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Home » 21 Questions

Xavier Rudd: The Highs and Lows of Life in Music

Submitted by on May 21, 2010 – 2:26 amNo Comment


Shaking a deep depression was no easy task for Xavier Rudd. Over the past year the affable Australian multi-instrumentalist – best known for moving festival crowds with his high-energy, free-spirited music – reached rock bottom when he and his wife of 10 years split. In this, the first instalment of 21 Questions, Rudd talks to Martyr editor Remi L. Roy about his recent trials and eventual rebound, his Canadian connection, new band, Izintaba, and the latest disc, Koonyum Sun.

RLR-You called the new record the most emotional album you’ve recorded. Was it also the most therapeutic?

XR-It was heavy in every way. There was a lot of elements in this album that were really heavy. Positive vibe, but some of it came from hard stuff.

RLR-The separation from your wife obviously impacted the songwriting on the album. Were songs like “The Reasons we were Blessed” and “Love Comes and Goes” particularly cathartic to pen?

XR- Depending on what’s happening in my life, it [music] has always been there as a way to release and a way to stay in touch with…my main route.  My spirit and my ancestors on my journey, they’re ahead of me, and my music is a reflection of that. Whether it’s therapeutic or helpful at the time, I don’t know. But it definitely is later.

RLR-Do you feel it’s finally “Time to Smile.”

XR-Yeah it is. Fuck yeah (laughs). I feel like everything was meant to be, and it was a great test.  Last year was a rough year. I was dealing with things that I never thought possible in my life, and I learned some great lessons and took some wisdom from it. I feel free and content, ready and new.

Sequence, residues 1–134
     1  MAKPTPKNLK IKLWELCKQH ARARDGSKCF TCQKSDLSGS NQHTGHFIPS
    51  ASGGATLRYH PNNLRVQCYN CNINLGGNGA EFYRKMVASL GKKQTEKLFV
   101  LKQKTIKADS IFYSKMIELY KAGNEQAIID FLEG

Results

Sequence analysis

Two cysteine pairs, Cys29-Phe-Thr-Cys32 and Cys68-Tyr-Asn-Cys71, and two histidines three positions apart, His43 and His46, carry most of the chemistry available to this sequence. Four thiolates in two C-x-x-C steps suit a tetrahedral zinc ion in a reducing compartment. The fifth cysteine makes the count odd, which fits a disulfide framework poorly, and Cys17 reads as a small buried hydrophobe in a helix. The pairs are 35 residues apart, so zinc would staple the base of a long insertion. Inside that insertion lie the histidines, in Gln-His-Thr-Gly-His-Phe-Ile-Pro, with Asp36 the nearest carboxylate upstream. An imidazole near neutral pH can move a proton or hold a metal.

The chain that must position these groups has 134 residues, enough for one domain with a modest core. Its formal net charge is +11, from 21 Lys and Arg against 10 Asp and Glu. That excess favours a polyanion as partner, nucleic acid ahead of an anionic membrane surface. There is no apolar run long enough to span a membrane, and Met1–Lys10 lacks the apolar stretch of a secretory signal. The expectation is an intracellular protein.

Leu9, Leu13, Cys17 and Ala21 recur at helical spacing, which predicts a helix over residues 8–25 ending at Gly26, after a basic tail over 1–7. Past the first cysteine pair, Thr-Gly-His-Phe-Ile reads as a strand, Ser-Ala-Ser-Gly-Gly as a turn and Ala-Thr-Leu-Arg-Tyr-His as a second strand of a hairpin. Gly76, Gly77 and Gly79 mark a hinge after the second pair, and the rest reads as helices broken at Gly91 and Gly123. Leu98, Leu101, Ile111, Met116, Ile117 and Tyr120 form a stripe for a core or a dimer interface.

RLR-Where did the idea for “Sky to Ground,” the opening track, come from?

XR-“Sky to Ground” is about different cultures: The sky world and the ground world, and spiritual existence in both places. It basically pays respect to all my travels and my appreciation for the earth, for my home, for my country, the stars, the ground, the birds, the ocean and everything.


RLR-What did you mean when you said Koonyum Sun was a celebration of the “beautiful things I have in life?”

XR-I always had a really huge respect for what I do, and for the gift I’ve been given. I’ve been blessed with my music; people come and see; I’ve been well supported; and there’s always good energy around me. At the same time, the universe sent me these two incredible spirits, Tio [Moloantoa] and Andi [Andile Nqubezelo] to play with. My connection with them on all levels is fuckin’ heavy.

RLR-How influential was the imprint of bandmates (bassist) Tio and (drummer) Andi on your new album?

XR- Huge. They’re so creative, so powerful. They came along and just were a symbol of strength. It’s funny, the universe sent me these guys and they connected with me at a time when life was a bit difficult, so the music and the story all came at that time. The musical relationship was a solid foundation, and that came through on the album, because they were in touch with me, my heart, when we were recording.